the older kids eventually helped me plant them in front.
With a little care (and lots of Miracle Gro) they
We kept waiting for the birth father to sign
off on the adoption, and he kept missing appointments. The
adoption workers, knowing what we´d gone through with Veronica, moved
forward to terminate parental rights.
Three days before the court
hearing, we heard ominous news: The birth father´s mom had
just found out about her grandson Anthony´s existence. Her son
had not told her-she learned it from the judge´s letter
notifying her son of the hearing date for terminating rights.
It must have been a shock to her.
We arranged a
meeting with Anthony´s birth parents, along with the father´s mom
and dad-confident that all could be worked out, once they
saw the mutual benefits of the adoption....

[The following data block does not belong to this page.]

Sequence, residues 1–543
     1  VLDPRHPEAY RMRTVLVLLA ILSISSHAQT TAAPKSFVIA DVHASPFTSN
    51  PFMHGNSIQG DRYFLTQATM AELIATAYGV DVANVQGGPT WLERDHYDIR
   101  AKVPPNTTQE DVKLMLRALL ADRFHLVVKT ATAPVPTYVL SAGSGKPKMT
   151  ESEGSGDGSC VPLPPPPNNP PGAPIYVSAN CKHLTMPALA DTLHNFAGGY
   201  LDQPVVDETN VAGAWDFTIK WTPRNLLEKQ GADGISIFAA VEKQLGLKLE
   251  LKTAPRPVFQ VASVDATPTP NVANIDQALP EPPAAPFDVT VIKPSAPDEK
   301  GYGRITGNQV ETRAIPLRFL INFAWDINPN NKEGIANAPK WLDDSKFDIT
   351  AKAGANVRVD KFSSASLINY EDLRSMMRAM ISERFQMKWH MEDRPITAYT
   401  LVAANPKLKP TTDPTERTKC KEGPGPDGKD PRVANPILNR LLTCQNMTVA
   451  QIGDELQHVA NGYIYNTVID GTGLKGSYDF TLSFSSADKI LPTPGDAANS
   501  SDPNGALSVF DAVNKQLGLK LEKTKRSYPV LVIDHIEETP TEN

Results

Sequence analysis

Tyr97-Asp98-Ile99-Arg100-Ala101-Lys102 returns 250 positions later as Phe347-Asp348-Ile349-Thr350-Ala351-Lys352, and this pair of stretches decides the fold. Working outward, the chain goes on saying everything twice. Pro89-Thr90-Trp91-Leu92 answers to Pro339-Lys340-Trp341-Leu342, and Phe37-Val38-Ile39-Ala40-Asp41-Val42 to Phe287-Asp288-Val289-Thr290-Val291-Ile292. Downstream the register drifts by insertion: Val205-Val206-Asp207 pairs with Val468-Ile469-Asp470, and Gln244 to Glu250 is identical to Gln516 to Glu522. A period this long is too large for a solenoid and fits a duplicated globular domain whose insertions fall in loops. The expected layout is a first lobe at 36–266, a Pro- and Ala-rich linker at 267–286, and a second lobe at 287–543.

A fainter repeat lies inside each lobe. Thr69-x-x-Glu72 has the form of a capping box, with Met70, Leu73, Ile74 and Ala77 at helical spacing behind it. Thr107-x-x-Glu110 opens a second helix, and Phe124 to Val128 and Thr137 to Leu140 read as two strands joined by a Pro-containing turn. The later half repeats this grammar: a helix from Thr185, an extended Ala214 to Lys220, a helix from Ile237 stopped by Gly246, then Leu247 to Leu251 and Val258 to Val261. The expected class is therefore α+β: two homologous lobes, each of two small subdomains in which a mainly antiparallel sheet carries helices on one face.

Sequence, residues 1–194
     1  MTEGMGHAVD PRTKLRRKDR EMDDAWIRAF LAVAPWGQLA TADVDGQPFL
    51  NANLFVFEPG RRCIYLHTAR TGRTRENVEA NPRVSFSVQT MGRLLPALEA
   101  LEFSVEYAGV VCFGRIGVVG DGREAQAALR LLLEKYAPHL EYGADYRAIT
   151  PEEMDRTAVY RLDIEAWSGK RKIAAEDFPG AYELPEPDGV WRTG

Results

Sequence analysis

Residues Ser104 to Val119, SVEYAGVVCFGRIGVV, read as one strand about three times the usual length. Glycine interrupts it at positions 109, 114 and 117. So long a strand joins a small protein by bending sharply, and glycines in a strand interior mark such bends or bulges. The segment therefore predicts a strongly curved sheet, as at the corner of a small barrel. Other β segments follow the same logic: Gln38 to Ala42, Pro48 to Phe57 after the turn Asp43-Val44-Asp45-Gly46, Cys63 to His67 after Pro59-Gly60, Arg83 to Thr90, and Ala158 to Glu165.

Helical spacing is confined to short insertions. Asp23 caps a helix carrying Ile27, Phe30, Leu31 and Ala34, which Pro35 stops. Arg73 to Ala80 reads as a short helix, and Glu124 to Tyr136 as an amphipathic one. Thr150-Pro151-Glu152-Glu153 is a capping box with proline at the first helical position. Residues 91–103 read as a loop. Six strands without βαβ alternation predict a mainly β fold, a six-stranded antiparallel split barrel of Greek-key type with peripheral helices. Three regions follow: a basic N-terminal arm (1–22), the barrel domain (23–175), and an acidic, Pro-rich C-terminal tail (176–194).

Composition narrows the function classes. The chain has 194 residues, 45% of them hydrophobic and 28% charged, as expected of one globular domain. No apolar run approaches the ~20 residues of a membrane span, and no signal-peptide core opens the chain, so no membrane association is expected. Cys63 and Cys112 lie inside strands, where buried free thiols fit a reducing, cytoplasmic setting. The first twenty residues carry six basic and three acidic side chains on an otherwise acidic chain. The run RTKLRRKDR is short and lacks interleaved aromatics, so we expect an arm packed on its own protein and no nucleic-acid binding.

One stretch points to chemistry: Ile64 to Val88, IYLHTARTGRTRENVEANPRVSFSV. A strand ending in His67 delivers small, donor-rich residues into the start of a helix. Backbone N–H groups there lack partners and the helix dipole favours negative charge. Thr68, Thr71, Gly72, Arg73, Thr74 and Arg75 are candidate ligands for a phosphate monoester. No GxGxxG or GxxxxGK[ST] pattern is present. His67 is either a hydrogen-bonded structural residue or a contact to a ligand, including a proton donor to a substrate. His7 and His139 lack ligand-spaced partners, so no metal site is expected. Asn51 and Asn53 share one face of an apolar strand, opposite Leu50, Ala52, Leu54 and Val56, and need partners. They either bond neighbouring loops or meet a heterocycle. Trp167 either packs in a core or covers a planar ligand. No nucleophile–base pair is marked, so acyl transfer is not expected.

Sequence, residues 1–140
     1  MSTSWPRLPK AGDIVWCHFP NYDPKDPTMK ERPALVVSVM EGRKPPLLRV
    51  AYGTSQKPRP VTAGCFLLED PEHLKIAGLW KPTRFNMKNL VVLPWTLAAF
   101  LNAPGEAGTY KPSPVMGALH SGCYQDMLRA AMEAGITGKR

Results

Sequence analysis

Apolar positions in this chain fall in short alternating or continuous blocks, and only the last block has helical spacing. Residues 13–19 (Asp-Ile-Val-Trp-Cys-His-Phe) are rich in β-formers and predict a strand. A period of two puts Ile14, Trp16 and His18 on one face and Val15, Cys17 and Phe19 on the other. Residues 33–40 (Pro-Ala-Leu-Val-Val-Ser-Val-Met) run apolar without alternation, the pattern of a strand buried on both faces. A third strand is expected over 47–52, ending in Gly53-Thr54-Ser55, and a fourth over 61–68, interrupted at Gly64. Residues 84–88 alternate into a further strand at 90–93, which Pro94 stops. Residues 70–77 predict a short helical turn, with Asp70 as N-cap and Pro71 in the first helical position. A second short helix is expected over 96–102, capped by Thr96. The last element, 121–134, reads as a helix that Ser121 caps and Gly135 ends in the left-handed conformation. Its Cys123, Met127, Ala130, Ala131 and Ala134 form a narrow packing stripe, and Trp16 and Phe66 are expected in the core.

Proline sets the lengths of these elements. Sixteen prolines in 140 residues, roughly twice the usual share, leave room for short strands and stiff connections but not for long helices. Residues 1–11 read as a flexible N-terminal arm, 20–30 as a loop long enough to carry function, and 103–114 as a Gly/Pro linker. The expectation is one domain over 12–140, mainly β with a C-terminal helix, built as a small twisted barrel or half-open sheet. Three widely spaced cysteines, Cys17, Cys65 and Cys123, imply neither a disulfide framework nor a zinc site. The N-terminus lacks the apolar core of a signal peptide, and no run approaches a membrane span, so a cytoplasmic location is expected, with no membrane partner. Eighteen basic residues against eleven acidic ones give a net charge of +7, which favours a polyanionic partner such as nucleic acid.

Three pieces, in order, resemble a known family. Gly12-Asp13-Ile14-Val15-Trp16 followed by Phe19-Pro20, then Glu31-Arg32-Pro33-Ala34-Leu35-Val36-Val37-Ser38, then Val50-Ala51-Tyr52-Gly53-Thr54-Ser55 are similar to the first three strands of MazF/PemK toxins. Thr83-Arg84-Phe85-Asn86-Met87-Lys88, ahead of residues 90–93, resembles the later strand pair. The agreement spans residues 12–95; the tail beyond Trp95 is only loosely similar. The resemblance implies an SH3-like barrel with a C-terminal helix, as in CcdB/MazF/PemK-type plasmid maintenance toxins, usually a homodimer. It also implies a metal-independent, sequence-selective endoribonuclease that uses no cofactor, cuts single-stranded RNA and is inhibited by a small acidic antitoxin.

|Margie with Susannah Rose.|
The grandfather started off
accusing us all of manipulating the birth parents for selfish
purposes. He figured that somehow there must be money in
it for us. He and his wife turned a deaf
ear to what I thought were common-sense considerations: Grandparents don´t
raise babies, parents do. And we were perfectly willing for
them to be in Anthony´s life as his grandparents. Margie
pleaded for all of us to think what was best
for the baby, not what we wanted for ourselves. Once
again, deafness, even hostility. I blew my stack. The meeting
disintegrated. We had no recourse. Anthony would be leaving us.
the end, Margie met one-on-one with the grandmother, so the
two of them could simply talk as women who loved
this baby-even if they disagreed on what was best for
him. We arranged to have the grandmother spend an hour
with Anthony in our home every evening for the weeks
it would take to work out the transition, so he
could know her and bond with her.
That´s when we began
to see the hand of Providence. Perhaps if the grandparents
had known of Anthony´s existence all along, they would have
seen him as a burden. Learning about him as they
did, he became a loved one for whom they wanted
to fight. Maybe that was our mission-to teach Anthony´s birth